I have a question about whether painting and carpet replacement in a tenant suite, taking place on the weekends, counts as a facility alteration. The definition cited in the Reference Guide is: "Alterations that include construction activity by more than one trade specialty, make substantial changes to at least one entire room in the building, and require isolation of the work site from regular building occupants for the duration of construction are eligible."
In this case, more than one trade specialty is involved, changes are made to at least one room (but whether these are substantial is debatable), and the work is not occurring while occupants are present, but full isolation of the work site is not required, as it will be used during the workweek.
So it seems to me that this is not a qualifying facility alteration (aka no flush out is required). Do you agree?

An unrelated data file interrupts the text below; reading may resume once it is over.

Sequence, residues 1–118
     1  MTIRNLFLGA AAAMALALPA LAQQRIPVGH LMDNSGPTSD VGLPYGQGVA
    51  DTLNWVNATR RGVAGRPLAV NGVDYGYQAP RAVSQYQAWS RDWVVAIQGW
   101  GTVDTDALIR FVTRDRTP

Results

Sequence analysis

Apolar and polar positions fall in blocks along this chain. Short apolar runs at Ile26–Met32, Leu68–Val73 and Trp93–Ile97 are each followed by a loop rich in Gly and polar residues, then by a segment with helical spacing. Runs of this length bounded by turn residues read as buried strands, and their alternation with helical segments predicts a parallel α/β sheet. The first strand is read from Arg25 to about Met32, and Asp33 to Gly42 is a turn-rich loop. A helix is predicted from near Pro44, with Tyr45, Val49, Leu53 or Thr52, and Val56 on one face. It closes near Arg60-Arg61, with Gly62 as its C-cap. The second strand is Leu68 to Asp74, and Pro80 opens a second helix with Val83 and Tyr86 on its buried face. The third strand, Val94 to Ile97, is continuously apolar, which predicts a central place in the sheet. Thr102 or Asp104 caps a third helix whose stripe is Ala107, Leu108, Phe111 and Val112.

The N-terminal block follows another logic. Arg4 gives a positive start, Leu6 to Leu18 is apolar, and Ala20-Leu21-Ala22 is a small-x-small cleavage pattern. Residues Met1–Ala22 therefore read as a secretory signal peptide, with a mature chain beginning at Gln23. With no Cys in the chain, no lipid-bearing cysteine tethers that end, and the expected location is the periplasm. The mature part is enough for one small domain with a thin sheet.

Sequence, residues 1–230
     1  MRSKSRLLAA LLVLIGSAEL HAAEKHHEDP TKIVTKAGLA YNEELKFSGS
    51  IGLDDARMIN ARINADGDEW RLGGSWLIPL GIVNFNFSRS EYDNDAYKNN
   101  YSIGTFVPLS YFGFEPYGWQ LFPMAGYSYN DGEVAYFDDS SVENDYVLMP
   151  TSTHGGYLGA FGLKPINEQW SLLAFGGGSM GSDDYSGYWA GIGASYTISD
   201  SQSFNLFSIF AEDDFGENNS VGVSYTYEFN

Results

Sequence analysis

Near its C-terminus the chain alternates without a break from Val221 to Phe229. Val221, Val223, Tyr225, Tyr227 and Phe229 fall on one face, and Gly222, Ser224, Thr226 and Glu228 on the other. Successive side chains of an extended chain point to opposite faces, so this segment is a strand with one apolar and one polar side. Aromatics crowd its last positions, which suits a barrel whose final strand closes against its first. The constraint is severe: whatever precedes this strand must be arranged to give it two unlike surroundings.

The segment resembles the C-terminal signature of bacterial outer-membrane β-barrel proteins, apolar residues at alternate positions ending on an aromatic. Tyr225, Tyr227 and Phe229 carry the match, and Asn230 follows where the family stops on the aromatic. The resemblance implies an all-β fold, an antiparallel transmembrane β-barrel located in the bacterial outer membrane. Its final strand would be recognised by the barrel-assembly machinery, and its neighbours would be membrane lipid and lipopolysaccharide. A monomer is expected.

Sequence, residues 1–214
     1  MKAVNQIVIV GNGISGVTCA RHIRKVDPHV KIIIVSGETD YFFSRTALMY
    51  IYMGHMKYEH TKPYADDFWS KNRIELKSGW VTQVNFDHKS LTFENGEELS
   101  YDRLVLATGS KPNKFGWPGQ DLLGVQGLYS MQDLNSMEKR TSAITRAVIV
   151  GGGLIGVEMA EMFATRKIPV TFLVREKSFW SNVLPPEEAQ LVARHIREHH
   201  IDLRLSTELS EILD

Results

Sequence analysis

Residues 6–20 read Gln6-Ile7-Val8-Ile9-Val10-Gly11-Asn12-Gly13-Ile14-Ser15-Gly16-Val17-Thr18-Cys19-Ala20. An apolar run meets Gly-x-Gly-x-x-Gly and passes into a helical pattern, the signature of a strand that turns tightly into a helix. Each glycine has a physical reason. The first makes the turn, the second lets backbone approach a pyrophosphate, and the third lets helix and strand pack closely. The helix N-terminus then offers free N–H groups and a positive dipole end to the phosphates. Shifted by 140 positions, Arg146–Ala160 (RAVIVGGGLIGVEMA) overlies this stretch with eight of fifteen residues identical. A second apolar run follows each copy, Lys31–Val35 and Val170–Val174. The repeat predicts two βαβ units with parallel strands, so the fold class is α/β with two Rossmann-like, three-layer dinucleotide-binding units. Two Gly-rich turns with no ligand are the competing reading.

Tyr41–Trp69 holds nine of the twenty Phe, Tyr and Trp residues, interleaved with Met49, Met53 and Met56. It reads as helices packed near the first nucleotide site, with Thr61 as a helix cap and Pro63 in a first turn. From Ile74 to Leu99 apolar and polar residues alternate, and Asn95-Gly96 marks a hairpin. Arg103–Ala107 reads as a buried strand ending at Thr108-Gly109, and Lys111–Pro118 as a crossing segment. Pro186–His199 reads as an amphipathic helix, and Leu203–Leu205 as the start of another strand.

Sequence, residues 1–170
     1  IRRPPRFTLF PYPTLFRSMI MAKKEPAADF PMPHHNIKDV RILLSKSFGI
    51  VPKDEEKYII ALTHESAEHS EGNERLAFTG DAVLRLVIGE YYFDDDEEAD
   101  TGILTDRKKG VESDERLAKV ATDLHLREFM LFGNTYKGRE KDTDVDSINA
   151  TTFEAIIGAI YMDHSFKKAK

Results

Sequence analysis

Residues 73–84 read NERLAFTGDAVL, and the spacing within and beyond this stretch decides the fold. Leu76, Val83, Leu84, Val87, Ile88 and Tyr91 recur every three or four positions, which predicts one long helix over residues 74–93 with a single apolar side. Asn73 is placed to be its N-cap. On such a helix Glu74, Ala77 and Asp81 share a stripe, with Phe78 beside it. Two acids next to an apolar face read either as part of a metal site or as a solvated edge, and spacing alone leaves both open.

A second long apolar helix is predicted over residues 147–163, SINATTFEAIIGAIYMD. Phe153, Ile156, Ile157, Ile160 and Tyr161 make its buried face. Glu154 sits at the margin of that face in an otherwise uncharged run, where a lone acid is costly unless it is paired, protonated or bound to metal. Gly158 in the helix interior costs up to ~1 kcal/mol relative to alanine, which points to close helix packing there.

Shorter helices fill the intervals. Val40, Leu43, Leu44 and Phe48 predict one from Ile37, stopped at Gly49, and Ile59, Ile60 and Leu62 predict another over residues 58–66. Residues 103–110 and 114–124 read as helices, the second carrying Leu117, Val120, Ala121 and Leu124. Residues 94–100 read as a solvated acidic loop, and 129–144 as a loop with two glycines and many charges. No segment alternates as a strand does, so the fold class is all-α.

Vermont House of Representatives
11471 thumbs up
May 11, 2010 - 4:04 pm
Seems like you could argue it either way. Is the suite being isolated from the rest of the physical building during construction? If so, it would seem to qualify as an alteration, even if you are not worried about isolating from occupants.But to that point, it's being isolated from occupants by way of doing the work on a weekend, so it does seem like you meet that criterion.
David PosadaIntegrated Design & LEED Specialist
1972 thumbs up
May 11, 2010 - 6:48 pm
I would agree that it could be argued both ways, but lean more toward it counting as a facility alteration. Since users could not occupy the space during the work, the isolation is being done by schedule rather than physical barrier, which is very common in commercial offices and schools.
Even if done after hours, this kind of work can have huge impacts on occupant health and comfort - thus we have IEQ credits for low emitting carpet and paint.
Seems like the intent of setting a criteria for significant alterations is to avoid tracking the minor ones with little impact on IEQ and track only the ones that do, which would seem to be the case here.